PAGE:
Carousel Ride #1

We watched The Whistleblower the other night; and as the closing credits marched across the screen, my wife said, “So nobody was punished.” And I said, “It’s an awful world, and it isn’t getting any better.” Both statements were natural extensions of the movie’s horrific story, and ironically reflective of its “soul.”

I mentioned in the last post that my concerns over the “soul” of novels arose directly from reading a novel where the characters, and therefore the novel, were without soul even as the prose–the imagery and descriptions–exuded grace and beauty.

How can a movie have a “soul” if its story shows none? And how can a novel lack a “soul” if its prose epitomizes it?

These questions continue a conversation that began over three decades ago, when a friend asked me what I thought about a novel he’d passed on to me. I said, “It’s incredible and unredeemed.” He found the latter adjective surprising and asked what I meant. What I meant was that the novel in question was “unredeeming”–which is to say that it didn’t inspire the reader to greater humanity and goodness–and since it was “unredeeming” it was thereby “unedeemed.” In short, it had no “soul” because it didn’t enhance or uplift that same quality in the reader. Then, trying to be open-minded, I added that–since one person’s “uplift” might be another’s “downtrodden”–the novel was unredeemed for me. If others found inspiration or meaning in its grim chronicle, then more power to them (and the novel). But it didn’t work for me.

I think my friend found the whole idea of art being redemptive rather quaint and old-fashioned, perhaps even judgemental or–Heaven forbid–Puritanical. But at no point did I say or mean to suggest that unredeeming art (whether judged so by me or anyone else) should be banned or censored. I was simply indicating that it lacked what was for me art’s central purpose–to raise the human condition by lifting or inspiring the human heart and spirit.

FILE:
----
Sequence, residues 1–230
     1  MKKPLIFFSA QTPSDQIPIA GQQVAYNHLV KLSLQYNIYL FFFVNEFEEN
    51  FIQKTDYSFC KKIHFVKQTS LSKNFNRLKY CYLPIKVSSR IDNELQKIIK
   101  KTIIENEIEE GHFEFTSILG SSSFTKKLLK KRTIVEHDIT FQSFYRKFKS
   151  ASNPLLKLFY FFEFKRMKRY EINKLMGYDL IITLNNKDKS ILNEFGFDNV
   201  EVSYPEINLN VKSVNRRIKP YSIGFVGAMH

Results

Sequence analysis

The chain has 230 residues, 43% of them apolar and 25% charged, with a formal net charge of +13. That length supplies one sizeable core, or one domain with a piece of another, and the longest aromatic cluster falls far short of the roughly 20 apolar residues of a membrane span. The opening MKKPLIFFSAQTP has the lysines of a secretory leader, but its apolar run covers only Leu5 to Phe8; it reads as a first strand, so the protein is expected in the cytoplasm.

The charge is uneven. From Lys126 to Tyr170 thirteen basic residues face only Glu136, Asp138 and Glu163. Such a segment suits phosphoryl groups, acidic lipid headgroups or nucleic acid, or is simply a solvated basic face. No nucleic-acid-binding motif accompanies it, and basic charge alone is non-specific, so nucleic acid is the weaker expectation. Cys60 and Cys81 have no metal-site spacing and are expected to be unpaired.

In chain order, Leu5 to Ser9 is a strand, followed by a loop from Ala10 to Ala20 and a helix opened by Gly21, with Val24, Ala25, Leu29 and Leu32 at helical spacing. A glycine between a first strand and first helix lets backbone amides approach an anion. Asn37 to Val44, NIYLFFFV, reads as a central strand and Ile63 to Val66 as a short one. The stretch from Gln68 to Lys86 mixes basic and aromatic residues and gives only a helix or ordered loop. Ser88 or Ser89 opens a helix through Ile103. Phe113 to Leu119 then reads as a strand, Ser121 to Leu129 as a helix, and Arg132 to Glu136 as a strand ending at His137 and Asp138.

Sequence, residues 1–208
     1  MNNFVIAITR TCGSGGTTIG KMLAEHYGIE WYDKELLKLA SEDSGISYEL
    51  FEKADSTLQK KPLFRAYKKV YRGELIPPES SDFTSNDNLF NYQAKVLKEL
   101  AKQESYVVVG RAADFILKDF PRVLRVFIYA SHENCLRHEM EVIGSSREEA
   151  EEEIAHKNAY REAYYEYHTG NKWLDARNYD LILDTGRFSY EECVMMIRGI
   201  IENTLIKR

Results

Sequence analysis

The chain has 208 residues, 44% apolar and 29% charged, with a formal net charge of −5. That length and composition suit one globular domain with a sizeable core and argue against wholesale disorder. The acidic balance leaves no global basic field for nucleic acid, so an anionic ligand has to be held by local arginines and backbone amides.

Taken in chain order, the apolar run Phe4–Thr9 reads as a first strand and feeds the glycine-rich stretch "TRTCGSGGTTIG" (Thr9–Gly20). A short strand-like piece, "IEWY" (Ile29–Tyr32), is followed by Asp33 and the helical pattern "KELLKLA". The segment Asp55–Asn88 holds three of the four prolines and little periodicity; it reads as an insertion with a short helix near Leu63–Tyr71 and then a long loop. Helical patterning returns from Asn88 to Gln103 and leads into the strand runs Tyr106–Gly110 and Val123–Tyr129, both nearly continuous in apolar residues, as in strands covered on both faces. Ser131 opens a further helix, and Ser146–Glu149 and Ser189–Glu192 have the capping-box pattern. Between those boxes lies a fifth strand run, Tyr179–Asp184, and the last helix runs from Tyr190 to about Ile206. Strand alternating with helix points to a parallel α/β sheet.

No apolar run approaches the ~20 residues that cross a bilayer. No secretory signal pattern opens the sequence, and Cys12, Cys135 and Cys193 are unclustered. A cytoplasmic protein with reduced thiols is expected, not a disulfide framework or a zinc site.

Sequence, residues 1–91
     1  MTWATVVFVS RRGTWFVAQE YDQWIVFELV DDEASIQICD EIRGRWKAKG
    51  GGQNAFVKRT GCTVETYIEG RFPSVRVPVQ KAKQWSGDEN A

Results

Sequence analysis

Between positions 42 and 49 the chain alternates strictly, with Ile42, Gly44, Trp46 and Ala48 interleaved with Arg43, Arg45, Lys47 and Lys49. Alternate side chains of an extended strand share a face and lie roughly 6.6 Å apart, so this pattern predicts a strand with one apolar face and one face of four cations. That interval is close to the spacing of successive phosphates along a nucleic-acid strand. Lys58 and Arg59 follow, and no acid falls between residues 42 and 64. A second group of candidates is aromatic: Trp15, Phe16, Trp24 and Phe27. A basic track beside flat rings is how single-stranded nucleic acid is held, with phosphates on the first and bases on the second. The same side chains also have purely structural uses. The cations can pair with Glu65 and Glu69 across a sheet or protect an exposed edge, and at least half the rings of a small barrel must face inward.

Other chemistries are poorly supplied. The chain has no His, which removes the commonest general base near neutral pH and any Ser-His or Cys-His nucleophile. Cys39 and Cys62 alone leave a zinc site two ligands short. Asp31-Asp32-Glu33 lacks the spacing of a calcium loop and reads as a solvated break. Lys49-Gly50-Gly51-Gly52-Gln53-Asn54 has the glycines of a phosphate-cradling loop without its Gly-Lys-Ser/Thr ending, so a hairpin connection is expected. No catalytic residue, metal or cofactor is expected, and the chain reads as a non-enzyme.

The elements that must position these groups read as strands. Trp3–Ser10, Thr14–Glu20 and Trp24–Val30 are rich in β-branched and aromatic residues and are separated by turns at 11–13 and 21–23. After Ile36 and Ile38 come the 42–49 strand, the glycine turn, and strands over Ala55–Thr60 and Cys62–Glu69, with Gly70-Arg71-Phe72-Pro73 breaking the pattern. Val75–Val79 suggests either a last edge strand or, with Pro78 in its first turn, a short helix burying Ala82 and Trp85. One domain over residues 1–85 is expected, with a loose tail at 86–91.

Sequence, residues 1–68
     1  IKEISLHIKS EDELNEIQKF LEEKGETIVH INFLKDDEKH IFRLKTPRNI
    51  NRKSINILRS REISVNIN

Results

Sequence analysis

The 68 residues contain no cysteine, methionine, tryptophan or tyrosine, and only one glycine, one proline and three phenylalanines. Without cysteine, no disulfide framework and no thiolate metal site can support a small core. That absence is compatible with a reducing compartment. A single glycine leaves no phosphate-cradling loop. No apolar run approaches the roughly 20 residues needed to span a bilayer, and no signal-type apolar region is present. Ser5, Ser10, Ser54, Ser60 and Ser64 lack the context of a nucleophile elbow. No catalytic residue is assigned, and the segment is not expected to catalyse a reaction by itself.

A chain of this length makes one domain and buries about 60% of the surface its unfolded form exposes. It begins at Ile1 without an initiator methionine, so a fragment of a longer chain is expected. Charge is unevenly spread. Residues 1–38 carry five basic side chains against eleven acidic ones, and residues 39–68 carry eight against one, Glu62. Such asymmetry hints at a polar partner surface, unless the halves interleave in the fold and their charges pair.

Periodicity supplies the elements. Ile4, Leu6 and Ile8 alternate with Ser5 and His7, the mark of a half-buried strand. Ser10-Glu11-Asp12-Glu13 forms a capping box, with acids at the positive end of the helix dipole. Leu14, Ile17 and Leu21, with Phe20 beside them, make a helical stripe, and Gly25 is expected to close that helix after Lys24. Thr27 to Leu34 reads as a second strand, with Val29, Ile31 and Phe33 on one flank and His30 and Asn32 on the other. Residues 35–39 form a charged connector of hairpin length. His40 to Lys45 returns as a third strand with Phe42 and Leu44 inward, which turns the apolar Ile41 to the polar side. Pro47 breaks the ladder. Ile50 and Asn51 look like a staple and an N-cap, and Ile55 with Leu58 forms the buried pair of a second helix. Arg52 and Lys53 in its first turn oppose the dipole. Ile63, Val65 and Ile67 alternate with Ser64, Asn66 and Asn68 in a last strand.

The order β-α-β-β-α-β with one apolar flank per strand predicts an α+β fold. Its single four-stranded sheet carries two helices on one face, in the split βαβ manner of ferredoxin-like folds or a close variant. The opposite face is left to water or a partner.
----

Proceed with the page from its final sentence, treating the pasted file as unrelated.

The flip side of that coin is the artist has to tell the story he or she is told, come what may. To reshape that story to fit some preconceived notion of purpose would be to betray the story and its source, which is most definitely not a wise or appropriate decision. And if the story as it is told the artist comes out without a “soul” for this or any other recipient, then it comes out without a soul. Or maybe its soul is unveiled at some other time, in some altered world or state. The artist’s purpose is to get it down right.

Does any of this matter? The cynic and the philosopher would say “No–the world spins on with or without redeeming art.” The idealist and the theologian would say “Yes–good can prevail in whatever forms it takes.” I’d only say I cling to meaning and purpose in acts of love, in art and all other expressions. Lacking that, it’s eat or be eaten. Lacking that, it’s all darkness.

I’m putting the finishing touches on a short story titled “Carousel Ride.” (For the record, I think it has a soul; and even if it didn’t, as a depiction of a moment it might inspire such quality beyond itself.) Like “Whiteout”  (, it’s a Zach and Becca love story. But its tone is very different from “Whiteout.” Though it occurs earlier in their relationship, in some ways it has a wisdom and poignance of a much more mature love and understanding–or so I hope. I’ll post an excerpt or two in the coming weeks and get you the address for the whole thing once it’s published.



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